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Hoffmann, R. A wiki for the life sciences where authorship matters. Nature Genetics (2008)

Antibody responses in patients with staphylococcal septicemia against two Staphylococcus aureus fibrinogen binding proteins: clumping factor and an extracellular fibrinogen binding protein.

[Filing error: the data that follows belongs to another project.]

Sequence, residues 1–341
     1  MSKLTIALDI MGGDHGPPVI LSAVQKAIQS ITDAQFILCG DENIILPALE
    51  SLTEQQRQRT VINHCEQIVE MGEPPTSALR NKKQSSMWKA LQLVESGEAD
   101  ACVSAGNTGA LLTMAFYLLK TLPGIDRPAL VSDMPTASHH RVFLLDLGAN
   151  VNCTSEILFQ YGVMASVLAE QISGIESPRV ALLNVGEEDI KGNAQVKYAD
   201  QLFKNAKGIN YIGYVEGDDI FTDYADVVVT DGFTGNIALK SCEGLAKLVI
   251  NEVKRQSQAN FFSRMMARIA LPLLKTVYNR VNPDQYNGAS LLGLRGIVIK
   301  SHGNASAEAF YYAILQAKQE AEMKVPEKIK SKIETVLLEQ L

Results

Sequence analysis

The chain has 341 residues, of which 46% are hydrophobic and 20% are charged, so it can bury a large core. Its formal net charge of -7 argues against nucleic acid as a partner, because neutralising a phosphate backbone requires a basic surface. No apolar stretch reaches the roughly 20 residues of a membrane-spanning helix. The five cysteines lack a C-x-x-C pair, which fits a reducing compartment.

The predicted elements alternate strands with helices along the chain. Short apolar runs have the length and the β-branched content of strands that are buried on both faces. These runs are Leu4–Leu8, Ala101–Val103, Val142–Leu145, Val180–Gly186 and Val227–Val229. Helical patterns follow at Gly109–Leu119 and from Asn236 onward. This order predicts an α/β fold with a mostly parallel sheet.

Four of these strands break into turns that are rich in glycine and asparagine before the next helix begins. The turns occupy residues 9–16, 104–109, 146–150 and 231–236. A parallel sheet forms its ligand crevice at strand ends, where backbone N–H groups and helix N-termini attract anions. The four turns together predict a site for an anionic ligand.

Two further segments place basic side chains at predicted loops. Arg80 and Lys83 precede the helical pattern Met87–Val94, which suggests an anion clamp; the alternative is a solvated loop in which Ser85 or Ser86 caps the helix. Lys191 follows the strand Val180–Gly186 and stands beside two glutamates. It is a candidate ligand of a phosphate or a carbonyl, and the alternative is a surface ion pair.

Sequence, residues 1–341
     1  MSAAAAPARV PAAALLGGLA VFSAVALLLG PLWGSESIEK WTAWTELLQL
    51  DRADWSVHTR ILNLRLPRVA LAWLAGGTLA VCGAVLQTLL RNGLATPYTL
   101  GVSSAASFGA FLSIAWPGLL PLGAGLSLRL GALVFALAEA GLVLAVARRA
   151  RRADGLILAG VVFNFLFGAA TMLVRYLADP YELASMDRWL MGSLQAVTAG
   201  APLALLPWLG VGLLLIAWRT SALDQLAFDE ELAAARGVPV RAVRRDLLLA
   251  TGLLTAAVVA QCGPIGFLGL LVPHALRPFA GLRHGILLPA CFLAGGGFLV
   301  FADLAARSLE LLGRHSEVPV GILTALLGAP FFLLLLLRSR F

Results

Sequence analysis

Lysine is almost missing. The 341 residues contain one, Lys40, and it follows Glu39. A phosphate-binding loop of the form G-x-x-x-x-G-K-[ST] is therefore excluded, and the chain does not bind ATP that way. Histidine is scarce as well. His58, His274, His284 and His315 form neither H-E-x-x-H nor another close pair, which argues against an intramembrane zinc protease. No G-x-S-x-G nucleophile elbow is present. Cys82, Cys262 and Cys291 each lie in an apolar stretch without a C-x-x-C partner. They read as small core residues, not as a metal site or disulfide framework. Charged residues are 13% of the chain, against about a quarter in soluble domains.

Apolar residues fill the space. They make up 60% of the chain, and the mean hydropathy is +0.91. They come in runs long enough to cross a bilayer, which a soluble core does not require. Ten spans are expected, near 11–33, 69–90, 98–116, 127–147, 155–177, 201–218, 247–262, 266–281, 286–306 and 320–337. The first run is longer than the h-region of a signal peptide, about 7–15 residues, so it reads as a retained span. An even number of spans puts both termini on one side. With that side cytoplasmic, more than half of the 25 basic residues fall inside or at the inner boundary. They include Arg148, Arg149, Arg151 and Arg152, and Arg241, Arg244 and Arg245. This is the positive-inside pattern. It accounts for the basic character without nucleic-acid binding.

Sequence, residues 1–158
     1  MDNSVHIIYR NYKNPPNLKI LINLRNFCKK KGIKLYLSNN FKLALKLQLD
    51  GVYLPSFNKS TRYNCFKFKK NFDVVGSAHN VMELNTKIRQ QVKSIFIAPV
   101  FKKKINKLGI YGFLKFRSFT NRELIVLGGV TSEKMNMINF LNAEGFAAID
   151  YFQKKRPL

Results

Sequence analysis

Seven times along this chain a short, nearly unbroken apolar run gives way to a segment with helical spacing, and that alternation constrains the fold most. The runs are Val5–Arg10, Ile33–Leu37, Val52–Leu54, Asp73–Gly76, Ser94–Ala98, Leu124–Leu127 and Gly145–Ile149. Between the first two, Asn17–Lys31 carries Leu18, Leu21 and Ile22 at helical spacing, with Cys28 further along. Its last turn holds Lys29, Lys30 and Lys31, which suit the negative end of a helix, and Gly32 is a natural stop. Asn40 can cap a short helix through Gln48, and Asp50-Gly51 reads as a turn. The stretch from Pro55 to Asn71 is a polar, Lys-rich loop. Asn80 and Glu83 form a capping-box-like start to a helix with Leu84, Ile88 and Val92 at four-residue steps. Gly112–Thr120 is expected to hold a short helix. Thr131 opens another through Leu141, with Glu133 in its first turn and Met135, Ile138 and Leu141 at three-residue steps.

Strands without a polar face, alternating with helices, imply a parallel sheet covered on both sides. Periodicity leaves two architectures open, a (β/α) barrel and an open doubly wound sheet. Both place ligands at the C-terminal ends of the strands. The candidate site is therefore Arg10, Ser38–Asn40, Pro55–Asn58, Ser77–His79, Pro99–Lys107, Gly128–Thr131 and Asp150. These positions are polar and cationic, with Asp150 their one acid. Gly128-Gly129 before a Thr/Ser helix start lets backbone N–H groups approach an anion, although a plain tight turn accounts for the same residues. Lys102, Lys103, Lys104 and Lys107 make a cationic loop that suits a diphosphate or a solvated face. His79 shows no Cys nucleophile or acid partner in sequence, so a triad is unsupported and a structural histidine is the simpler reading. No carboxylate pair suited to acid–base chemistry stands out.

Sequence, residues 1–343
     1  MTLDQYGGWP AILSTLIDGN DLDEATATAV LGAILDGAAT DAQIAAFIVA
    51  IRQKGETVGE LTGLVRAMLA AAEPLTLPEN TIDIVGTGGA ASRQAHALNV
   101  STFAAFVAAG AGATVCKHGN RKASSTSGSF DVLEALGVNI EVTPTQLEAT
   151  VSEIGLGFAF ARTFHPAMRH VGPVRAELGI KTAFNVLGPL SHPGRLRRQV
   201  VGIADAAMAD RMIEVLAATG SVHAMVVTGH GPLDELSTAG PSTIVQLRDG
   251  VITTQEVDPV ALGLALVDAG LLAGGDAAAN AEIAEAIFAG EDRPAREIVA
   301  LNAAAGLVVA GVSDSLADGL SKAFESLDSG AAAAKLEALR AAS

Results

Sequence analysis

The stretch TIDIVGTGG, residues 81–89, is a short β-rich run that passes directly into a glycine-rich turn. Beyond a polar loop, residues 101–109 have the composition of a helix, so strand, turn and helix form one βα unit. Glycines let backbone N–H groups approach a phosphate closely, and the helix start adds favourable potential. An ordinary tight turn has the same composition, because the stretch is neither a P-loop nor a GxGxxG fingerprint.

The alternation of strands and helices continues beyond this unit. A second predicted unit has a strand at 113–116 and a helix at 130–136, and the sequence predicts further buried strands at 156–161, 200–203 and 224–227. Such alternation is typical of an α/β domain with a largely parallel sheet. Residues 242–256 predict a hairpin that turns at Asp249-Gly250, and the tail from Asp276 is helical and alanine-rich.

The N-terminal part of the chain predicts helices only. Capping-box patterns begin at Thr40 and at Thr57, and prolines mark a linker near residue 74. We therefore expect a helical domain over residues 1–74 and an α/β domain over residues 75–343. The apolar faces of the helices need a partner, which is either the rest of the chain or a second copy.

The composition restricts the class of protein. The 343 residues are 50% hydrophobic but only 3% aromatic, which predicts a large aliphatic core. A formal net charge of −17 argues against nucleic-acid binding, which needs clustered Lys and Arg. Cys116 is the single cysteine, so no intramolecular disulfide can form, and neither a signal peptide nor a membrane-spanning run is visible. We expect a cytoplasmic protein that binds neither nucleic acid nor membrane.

We analyzed the serum antibody responses against two Staphylococcus aureus fibrinogen binding proteins, the cell-bound clumping factor (Clf) and an extracellular fibrinogen binding protein (Efb). The material consisted of 105 consecutive serum samples from 41 patients suffering from S. aureus septicemia and 72 serum samples from healthy individuals. An enzyme-linked immunosorbent assay (ELISA) was developed. Healthy individuals showed variable levels of antibodies against the studied antigens, and cutoff levels (upper 95th percentile) against these antigens were determined. No correlation was seen between serum antibody levels against Clf and Efb. In acute-phase samples 27% of patients showed positive antibody levels against Clf and 10% showed positive levels against Efb, while in convalescent-phase samples 63% (26 of 41) showed a positive serology against Clf and 49% (20 of 41) showed a positive serology against Efb. Antibody levels against Efb were significantly lower in the acute-phase sera than in sera from healthy individuals (P = 0. 002). An antibody response against Clf was most frequent in patients suffering from osteitis plus septic arthritis and from endocarditis (80% positive). The antibody response against Efb appeared to develop later in the course of disease. A possible biological effect of measured antibodies was demonstrated with the help of an inhibition ELISA, in which both high-titer and low-titer sera inhibited the binding of bacteria to fibrinogen. In conclusion, we have demonstrated in vivo production of S. aureus fibrinogen binding proteins during deep S. aureus infections and a possible diagnostic and prophylactic role of the corresponding serum antibodies in such infections.[1]


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